The Bothersome Man
Forty-year-old Andreas arrives in a strange city with no memory of how he got there. He is presented with a job, an apartment - even a wife. But before long, Andreas notices that something is wrong. The people around him seem cut off from any real emotion, and communicate only in superficialities. The ominous ”Caretakers”, who make sure the city runs smoothly, keep an increasing watch over Andreas as they find he doesn’t fit in. Andreas makes an attempt to escape the city, but he discovers there’s no way out.
The Bothersome Man describes a world not unlike our own. A sarcastic and tinted view of our affluent lives in the Nordic countries. A society where all problems have been ironed out. Empathy has become surplus – an empty friendliness has taken its place. Kitchen furnishings have replaced love, and social rituals have replaced friendship. Normality in all its grotesqueness.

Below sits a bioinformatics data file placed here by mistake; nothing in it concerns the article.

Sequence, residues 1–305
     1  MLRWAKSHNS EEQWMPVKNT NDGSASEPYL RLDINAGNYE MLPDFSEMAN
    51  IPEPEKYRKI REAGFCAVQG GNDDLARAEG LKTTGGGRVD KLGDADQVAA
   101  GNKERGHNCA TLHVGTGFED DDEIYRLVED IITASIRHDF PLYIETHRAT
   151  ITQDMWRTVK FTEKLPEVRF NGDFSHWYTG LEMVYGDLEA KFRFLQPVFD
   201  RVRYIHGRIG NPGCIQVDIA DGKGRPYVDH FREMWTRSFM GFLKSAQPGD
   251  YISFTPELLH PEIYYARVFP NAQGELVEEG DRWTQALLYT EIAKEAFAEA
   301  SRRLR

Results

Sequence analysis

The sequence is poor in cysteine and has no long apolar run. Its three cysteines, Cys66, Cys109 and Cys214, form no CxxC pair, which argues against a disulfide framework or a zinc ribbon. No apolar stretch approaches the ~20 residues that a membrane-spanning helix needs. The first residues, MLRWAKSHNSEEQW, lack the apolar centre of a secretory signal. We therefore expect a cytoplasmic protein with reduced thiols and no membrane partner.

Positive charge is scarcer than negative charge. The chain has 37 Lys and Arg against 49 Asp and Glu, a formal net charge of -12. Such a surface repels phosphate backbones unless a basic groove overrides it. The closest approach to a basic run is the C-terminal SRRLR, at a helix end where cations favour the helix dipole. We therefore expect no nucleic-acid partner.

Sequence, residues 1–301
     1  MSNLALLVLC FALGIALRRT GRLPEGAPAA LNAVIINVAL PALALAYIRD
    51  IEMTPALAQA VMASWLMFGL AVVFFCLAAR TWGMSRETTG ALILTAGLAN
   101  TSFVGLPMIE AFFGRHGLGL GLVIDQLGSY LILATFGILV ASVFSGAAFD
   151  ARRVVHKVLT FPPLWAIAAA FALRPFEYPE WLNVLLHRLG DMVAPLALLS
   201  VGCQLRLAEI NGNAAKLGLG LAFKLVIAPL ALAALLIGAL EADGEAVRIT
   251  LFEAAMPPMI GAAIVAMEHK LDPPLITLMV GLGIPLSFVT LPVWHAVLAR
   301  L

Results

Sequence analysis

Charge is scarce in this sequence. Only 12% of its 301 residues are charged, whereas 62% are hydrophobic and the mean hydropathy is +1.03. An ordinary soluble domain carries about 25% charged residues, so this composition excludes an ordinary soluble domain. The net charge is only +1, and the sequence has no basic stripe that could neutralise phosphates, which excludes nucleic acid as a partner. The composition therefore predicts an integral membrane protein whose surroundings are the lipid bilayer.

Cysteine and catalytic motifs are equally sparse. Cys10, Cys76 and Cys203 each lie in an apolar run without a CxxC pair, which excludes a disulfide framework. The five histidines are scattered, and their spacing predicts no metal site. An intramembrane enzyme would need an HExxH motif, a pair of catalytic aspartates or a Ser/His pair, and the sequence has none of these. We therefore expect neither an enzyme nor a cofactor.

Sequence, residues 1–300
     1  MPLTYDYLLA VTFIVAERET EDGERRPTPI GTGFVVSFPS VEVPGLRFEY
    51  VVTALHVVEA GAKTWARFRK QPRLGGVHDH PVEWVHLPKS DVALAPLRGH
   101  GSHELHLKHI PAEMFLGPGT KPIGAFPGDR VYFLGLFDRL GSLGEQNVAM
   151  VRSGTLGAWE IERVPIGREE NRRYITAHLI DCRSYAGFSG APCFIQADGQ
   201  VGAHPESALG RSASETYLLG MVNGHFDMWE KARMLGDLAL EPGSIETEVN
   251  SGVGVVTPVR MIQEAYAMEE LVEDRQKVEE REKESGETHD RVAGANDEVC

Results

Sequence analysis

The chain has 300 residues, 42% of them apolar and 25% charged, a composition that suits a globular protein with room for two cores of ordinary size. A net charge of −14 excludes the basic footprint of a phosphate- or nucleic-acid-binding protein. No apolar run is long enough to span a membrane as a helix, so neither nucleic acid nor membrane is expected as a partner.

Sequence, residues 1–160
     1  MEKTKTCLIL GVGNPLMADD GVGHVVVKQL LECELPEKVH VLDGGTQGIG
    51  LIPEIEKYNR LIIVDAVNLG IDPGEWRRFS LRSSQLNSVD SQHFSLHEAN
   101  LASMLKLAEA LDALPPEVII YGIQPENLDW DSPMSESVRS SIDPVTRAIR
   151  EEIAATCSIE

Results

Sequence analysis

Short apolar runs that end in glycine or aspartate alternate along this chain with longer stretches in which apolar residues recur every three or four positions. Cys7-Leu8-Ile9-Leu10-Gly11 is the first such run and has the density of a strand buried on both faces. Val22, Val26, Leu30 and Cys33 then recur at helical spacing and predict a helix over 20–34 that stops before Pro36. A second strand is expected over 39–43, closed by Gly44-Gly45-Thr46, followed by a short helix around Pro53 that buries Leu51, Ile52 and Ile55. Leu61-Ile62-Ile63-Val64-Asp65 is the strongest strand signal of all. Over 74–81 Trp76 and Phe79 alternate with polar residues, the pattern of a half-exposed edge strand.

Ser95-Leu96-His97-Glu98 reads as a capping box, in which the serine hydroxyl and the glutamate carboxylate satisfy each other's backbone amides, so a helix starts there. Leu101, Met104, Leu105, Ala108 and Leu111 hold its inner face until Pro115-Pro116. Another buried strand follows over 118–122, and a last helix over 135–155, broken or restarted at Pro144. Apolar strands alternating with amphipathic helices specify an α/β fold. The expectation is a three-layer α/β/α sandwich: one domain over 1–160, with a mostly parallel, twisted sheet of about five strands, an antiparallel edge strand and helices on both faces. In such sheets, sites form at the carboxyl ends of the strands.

In The Bothersome Man there is neither death nor dreams, and no love either. When Andreas Ramsfjell arrives in this society, everything has been laid out for him. He is given a place to stay, a job and clothes. He is handed a life. Not unlike the destiny of a refugee coming to Norway.
The film describes total loneliness in a world that has everything – but that's also all it has. A society which has lost something along the way in its quest for perfection. A dead society.